We see how different life was in the 60's compared to now. How teenagers spend their time, the kind of initiative and 'hard work' they have to put in in order to have a good time. Also how 'liberal' parents those days seem to be when it comes to safety. No way, I am going to let me son kayak to P. Ubin on a home-made canoe, and without life jacket and safety boats some more.

OK, reluctantly, I have to miss out on the discussions for a couple of days. I have to rush off to Ipoh this everning to attend my mother-in-law's funeral. And have yet to submit my income tax returns. My wife is going to nag me for sure for leaving things to the last minute as usual.

Anonymous said...

Chun See

you are right to guess, no life jacket or any kind of supervision of our canoeing. There is a huge change in the extent to which young people are allowed independence today - certainly true in the UK. Before coming to Singapore I was allowed to roam the streets of South London as a ten year old in a way that would be unthinkable today.

Sorry to hear about the funeral, my commiserations.

Anonymous said...

Brian and his young friends were really adventurous during their youthful days. Making a canoe out of a tree trunk had a close resemblance of red indians making their canoes. However swimming in that particular stretch of sea off Changi could be hazardous even compared today's improved swimming environment. Only a couple of days ago, two young school boys were drowned off a short distance from the Pasir Ris shore. Their deaths caused their parents to be emotionally shattered. Being strong swimmers do make a big difference. When I was a kid, I saw a young lady (age about twenty years old), swimming towards a kelong and back, with ease and style, as though having a routine workout. Nowadays many Singaporean parents send their kids for swimming lessons. This is real investment for their children safety in swimming, not just for winning medals in schools.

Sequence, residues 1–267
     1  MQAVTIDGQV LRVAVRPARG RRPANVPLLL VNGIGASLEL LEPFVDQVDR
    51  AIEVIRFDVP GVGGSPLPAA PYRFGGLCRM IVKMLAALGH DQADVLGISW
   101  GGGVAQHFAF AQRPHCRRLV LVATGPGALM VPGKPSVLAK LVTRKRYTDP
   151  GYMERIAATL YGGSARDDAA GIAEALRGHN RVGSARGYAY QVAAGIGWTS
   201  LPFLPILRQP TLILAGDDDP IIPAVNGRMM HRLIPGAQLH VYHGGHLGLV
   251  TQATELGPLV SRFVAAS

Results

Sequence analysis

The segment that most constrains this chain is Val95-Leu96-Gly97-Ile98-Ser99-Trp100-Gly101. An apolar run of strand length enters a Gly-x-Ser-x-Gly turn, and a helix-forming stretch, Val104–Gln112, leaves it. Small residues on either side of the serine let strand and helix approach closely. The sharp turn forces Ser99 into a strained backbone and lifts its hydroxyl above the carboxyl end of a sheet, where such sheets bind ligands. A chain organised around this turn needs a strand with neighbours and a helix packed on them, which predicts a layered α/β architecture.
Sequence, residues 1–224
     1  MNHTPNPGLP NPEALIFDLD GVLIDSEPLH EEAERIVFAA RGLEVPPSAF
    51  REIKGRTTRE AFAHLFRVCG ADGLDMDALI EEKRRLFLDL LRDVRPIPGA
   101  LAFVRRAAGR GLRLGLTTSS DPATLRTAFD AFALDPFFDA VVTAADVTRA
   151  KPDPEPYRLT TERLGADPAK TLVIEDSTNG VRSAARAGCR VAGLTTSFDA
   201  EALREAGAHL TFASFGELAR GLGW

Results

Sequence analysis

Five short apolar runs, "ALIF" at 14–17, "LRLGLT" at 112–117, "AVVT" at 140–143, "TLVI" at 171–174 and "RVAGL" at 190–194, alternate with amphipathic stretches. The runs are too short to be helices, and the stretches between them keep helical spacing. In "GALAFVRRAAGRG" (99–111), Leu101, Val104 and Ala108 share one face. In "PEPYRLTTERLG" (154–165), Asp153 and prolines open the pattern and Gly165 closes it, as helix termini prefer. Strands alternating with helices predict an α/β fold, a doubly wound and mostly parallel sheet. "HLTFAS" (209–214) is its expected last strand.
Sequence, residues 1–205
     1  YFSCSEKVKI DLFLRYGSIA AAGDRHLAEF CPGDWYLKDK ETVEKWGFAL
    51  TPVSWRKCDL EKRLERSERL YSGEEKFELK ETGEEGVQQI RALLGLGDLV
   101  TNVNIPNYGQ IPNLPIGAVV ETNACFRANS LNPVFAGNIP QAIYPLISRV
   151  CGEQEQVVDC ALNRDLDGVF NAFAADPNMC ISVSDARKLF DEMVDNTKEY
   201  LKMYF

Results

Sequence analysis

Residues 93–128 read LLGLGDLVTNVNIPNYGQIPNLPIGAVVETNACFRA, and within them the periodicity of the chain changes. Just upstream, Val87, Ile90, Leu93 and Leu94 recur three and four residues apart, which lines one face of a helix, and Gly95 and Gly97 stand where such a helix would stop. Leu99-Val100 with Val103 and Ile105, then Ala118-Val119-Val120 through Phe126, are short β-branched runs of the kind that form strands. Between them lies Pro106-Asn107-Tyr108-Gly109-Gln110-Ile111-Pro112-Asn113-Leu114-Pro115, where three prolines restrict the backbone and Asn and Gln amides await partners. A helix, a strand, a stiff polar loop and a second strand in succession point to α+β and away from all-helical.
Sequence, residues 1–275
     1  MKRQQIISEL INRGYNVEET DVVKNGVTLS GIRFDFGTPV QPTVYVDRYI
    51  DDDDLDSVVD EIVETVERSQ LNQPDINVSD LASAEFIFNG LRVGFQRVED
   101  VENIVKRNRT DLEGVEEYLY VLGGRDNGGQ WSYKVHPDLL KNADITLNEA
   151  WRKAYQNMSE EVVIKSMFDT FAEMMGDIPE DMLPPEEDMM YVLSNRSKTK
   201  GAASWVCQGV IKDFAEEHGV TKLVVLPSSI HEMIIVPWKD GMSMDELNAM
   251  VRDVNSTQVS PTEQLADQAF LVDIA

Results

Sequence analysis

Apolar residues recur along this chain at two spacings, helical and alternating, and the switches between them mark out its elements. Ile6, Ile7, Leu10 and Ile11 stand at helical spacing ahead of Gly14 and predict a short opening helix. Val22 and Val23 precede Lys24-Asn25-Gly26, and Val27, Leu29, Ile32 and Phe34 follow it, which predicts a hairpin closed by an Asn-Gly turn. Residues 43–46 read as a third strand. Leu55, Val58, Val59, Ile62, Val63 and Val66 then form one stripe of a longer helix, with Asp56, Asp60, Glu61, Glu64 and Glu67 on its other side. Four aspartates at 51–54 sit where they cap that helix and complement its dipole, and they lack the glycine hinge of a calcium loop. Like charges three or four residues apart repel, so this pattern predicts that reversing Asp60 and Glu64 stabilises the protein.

Anonymous said...


now I don't want anyone running away with the idea that I carved out that canoe myself - it was bought off someone else ready made! But yes we both swam and canoed in what might be considered today as rather hazzardous waters - although most of our swimming was done in the pool at the club (and from Google Earth it seems that pool is still there or somewhat enlarged)

aiyah nonya said...

Even though my boys knows how to swim, I still do not allow them to swim in the sea or the pool without an adult around. When children plays, they do not notice the danger. They might push someone into the water, etc... Accidents have happen before from this type of incidents.

Call me kiasu/kiasi....but prevention is better than heartache later on.

Btw, my condolences to you and your family. May she rest in peace.

Anonymous said...

Brian - You can pat yourself for your youthful enthusiasm. I can remember as a kid I wanted to build a floating raft on our pond. It never materialised. I fully agree with Aiyah Nonya's life philosophy - It is better to be safe than sorry, ever remembering that we are typical Singaporeans. However such thinking has a relevance to a Chinese saying: 'Carefullness enable a person to sail a ship for ten thousand years'.